Big brands, it's fair to say, are embracing innovation. Heinz will launch 100 lines this year. P&G is looking to roll out NPD every six months. Premier, too, is reinventing itself as an innovator. Health reformulations, brand extensions, organic and premium options. It's an exciting time in grocery.
But there's a flipside. As Tesco's supply chain systems development director Bruno Monteyne told The Grocer last week, some suppliers are launching "meaningless new product development" for the sake of it.
"Innovation can obviously add value, but when it goes too far, is developed simply for the sake of change, it becomes problematic. Manufacturers need to plan their innovation better and think about the impact their new products will have on retailers and consumers."
Will Hayllar agrees. He's an associate director at strategy consultants OC&C, and sees "very poor self-auditing and poor analysis of innovation going on". He cites the use of 'limited-edition' NPD, which is particularly prevalent in confectionery and soft drinks. "This can add value but more often it can be destructive for both retailers and the category itself. There is no thought of long-term category leadership or sustained payback involved. It aims, rather, for a short-term spike in sales. There has to be purpose behind innovation and that purpose should be immediately clear to retailers who trade off the new ideas."
Hayllar has now made it his mission to measure innovation in a more robust way. With his colleague Chris Outram, chairman emeritus of OC&C, the company has devised a methodology to rank the largest branded manufacturers in the UK.
"The studies we see a lot are concerned in the main with volume: who is putting out new products," says Outram. "But very few studies look at the next two years and what happens to that new product. Has it stuck? Even better, has it dramatically reshaped or grown the category? We wanted to measure the staying power of NPD, and its contribution to a company's success."
The result is a £50,000 study that measured NPD over a two-year period at the top 25 revenue-grossing branded food and drink manufacturers. The methodology is essentially a ranking of four measures - new product launches, availability, organic growth rates and share of facings - that have been weighted according to OC&C's estimation of their significance (see boxout for a fuller explanation of the methodology). The lower the ranking in each category, the better.
The study threw up many surprising results, not least the fact that Weetabix - a relatively small, private-equity-based company, came out top. The cereal manufacturer is quite the iconoclast, as it underscores three of the key conclusions of the report.
It turns out that, contrary to the prevailing perception, private equity-owned businesses, with a ranking of 11.8, outperform both publicly owned (12.7) and privately owned (15.2) manufacturers.
"While there are exceptions in this list, the study proves that the majority of private equity-owned companies are at least as interested in growing their businesses as in cost-cutting," says Hayllar.
Bigger companies (with an average score of 15.4) also come out badly against their smaller cousins (11.1).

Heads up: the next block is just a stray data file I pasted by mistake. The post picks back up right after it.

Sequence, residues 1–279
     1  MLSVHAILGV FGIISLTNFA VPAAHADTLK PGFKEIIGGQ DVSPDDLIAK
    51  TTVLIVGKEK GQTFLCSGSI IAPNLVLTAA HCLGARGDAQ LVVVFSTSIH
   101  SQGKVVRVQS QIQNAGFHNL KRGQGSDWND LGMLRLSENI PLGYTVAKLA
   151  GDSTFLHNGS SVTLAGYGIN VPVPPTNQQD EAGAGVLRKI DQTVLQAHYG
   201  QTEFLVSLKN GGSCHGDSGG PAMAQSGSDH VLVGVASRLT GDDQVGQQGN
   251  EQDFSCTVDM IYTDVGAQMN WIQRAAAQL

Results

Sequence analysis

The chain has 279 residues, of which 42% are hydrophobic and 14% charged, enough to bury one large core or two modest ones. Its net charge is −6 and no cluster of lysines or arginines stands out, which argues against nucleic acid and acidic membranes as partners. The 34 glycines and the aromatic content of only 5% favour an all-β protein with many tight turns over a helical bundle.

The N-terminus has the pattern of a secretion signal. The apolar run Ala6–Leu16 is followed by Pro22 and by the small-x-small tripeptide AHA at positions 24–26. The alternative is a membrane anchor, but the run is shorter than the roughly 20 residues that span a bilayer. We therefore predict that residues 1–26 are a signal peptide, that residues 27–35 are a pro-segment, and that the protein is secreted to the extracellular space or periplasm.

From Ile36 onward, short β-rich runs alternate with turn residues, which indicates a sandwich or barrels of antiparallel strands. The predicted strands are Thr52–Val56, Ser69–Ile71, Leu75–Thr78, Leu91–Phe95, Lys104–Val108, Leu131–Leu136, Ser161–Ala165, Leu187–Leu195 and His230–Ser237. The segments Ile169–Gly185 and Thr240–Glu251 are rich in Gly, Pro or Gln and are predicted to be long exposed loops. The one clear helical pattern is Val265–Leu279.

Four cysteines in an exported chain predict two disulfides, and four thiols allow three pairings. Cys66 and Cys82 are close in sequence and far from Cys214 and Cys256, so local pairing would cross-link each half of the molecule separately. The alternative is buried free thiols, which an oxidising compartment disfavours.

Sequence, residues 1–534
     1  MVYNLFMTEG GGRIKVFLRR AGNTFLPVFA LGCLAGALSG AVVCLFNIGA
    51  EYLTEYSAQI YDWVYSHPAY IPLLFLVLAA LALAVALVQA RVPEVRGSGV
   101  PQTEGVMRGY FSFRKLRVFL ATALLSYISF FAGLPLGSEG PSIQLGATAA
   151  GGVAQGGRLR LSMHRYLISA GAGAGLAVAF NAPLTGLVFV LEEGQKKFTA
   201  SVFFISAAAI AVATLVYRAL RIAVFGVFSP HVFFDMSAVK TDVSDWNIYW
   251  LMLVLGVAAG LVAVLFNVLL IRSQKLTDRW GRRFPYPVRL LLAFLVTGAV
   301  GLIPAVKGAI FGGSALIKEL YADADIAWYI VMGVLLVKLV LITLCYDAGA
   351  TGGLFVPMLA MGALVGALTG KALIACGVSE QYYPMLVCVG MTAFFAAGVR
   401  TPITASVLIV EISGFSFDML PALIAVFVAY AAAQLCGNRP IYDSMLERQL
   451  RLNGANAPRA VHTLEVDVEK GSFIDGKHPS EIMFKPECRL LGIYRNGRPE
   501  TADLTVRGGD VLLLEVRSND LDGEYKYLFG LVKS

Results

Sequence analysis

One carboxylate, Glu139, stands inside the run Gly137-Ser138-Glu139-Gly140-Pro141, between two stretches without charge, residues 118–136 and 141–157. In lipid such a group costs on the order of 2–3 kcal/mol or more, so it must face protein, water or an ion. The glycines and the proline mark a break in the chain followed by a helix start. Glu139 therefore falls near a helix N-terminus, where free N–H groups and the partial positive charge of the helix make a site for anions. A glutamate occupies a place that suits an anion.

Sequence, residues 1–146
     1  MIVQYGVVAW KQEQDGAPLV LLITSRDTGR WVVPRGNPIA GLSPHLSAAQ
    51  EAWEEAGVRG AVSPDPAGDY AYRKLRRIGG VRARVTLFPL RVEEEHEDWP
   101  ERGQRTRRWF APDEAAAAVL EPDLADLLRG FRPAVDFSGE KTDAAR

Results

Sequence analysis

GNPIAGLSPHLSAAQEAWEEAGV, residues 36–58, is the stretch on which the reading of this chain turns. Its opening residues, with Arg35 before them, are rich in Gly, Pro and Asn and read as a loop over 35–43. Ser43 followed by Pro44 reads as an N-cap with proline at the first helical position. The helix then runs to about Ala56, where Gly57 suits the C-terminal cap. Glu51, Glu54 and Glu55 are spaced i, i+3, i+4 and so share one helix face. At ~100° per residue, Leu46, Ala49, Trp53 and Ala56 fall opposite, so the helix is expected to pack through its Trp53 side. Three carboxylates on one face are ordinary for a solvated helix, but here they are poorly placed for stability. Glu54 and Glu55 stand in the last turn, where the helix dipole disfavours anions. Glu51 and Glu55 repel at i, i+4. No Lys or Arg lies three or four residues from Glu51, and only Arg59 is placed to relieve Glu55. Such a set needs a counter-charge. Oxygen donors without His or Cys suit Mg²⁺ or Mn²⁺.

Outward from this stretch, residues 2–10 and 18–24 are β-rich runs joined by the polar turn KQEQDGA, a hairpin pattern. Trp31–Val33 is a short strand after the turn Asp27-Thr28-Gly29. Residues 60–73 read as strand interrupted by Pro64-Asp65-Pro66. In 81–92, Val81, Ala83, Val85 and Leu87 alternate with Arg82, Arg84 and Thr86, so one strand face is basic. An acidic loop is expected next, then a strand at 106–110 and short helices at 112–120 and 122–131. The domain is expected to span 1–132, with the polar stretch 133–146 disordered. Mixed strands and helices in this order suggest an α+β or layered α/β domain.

And companies focused on a small number of categories are better innovators than those with a broad portfolio, the report concludes: the Top 10 ranked food companies typically operate in just 3.3 categories, with Weetabix and Müller typifying that focus and PepsiCo the exception that proves the rule.
But it is the companies at the bottom of the ranking that are most likely to cause controversy. And some of the names, which included OC&C clients, initially puzzled the consultancy. "On first glance, we were surprised at the placing of Premier and Warburtons, for example. In fact we were worried, as it clashed with our impressions of those companies. But with further digging, we were reassured as to the logic and reason behind the rankings."
In the case of Warburtons, the study picked up on the fact that it has enjoyed stunning growth, but this was largely the result of its national rollout and strong branding; the rejuvenation of the Branston brand under Premier fell outside the time period of the study.
OC&C concedes the methodology is not perfect. Although the ranking measures the impact of new product development as a percentage of a brand's facings, it did not measure the actual growth in shelf space or share as a result of innovation, as "we couldn't look back in time" to the facings at the start of the period. Hayllar promises that, as the index develops in future years, "absolutely we would want to be able to do that".
He also concedes that, in assessing NPD over a two-year period, the timing of a launch becomes crucial. If company X launched an ill-thought-out innovation in September 2007, it would stand a greater chance of being on shelf in October that year than an equally poor new product launch by company Y in September 2005.
It is Hayllar's hope, however, that some of the kinks will be ironed out over time. "This study has involved a rigorous collation of information from many sources, including Datamonitor Productscan, report and accounts and storechecks by OC&C," he says.
"But it's a difficult study. We've had to estimate the sales and of course we don't know the margin contribution of these new product launches. It's a series of proxies that you can make on a comparable basis. As it develops we expect the accuracy of our observations to become even more acute.